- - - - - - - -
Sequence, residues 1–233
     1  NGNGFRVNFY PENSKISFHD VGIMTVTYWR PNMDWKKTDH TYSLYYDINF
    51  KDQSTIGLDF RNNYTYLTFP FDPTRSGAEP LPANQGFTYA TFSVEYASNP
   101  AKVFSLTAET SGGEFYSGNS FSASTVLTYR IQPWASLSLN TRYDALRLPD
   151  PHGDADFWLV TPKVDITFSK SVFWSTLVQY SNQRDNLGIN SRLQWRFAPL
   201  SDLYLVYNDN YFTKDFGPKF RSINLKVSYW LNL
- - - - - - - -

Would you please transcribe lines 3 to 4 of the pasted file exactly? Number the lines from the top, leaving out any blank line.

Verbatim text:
    51  KDQSTIGLDF RNNYTYLTFP FDPTRSGAEP LPANQGFTYA TFSVEYASNP
   101  AKVFSLTAET SGGEFYSGNS FSASTVLTYR IQPWASLSLN TRYDALRLPD